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Exploring Leadership in the News with Steven Pearlstein and Raju Narisetti

Raju Narisetti

Raju Narisetti

Raju Narisetti, a Managing Editor at The Washington Post, is a former founding editor of Mint, a business newspaper in India. Previously, he blogged as A Romantic Realist.

No surprises

The first rule of thumb: No surprises. If a CEO is surprised by the chairman or board about an obvious gap in his or her skills or leadership skill-set, then clearly that board hasn't done its job in mentoring the leader in the first place. Especially if the leader has been around for a while, as in Jim Zorn's case: In the corporate world, it would be equivalent to the board hiring a chief operating officer or president on its own and announcing that decision to the CEO and shareholders at the same time. in other words, without forewarning, such a change does come off as undermining the leader.

It isn't hard to imagine non-sports circumstances when a leader may not have all the necessary skills needed to meet an organization's challenges. A lot of CEOs are great at vision and strategy but may not be great at staying on top of daily execution. Or understanding technology. In which case, there is nothing wrong in reinforcing that leader with a strong operational executive or a great, visionary chief technology strategist. But that decision has to be organic, and the CEO ought to be very much involved -- even if initially he or she may have to be cajoled into it -- in choosing the reinforcements.

The best leaders are those who know their limitations and see a key hire to fill the gap as simply helping them and their organization perform even better. But such leadership nirvana can only be achieved if the board/chairman/owner doesn't have any motives other than making sure both the leader and the organization are going to succeed. Otherwise, there will a lot more L's in the Win-Loss column.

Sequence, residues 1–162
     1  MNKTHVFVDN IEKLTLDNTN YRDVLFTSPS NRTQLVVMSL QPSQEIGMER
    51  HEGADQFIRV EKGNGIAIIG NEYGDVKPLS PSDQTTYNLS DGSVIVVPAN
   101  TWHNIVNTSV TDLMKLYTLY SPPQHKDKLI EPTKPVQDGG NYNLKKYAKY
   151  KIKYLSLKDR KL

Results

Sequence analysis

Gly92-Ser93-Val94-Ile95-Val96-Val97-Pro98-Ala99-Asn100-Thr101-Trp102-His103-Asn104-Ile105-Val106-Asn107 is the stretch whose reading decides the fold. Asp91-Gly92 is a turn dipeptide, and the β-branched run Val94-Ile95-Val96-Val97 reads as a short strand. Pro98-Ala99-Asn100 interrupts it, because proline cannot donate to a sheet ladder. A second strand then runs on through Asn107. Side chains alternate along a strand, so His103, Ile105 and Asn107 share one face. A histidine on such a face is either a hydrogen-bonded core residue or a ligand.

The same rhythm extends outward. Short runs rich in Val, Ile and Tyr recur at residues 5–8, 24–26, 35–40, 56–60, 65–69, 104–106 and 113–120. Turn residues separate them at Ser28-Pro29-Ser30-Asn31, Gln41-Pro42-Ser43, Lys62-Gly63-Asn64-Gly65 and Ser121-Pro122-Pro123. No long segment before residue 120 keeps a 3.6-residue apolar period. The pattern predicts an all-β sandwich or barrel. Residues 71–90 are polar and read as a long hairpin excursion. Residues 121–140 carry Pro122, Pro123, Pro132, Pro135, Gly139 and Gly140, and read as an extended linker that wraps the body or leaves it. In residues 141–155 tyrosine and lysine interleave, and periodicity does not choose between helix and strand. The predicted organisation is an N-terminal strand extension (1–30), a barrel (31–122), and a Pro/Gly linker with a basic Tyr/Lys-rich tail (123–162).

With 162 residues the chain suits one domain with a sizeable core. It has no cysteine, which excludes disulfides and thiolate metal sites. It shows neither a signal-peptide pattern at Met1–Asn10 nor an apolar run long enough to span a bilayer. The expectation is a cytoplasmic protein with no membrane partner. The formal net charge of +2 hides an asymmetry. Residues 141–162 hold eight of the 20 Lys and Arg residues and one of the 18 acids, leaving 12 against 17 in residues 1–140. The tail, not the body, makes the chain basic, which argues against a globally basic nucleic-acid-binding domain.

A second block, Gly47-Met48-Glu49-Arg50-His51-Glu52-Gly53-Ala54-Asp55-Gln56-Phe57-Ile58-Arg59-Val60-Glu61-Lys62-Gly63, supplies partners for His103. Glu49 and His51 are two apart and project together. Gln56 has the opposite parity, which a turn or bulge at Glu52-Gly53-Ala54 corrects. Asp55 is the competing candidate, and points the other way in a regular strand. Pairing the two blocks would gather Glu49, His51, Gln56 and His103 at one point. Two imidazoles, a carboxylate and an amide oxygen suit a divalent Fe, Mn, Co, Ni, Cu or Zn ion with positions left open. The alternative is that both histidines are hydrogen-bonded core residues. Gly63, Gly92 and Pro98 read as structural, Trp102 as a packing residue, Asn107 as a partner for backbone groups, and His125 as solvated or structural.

By Raju Narisetti

 |  October 26, 2009; 12:56 PM ET
Category:  Sports Leadership Save & Share:  Send E-mail   Facebook   Twitter   Digg   Yahoo Buzz   Del.icio.us   StumbleUpon   Technorati  
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I agree that a leader must know his limitations, but what about when the board doesn't realize their weakness.
In this situation, the board is Snyder, who must realize his weakness and his strengths.

Just say I had a contractor who did a great job on my kitchen floor, and I subsequently hire him to remodel the kitchen where he does a terrible job. Does that make him a bad floor person?

Snyder has done a great job of turning the Redskins into a very profitable franchise by maximizing the teams revenue. But he's also done a terrible job in terms of wins and losses. Its time he realizes his weakness.

Posted by: tedunni1 | October 27, 2009 11:47 AM
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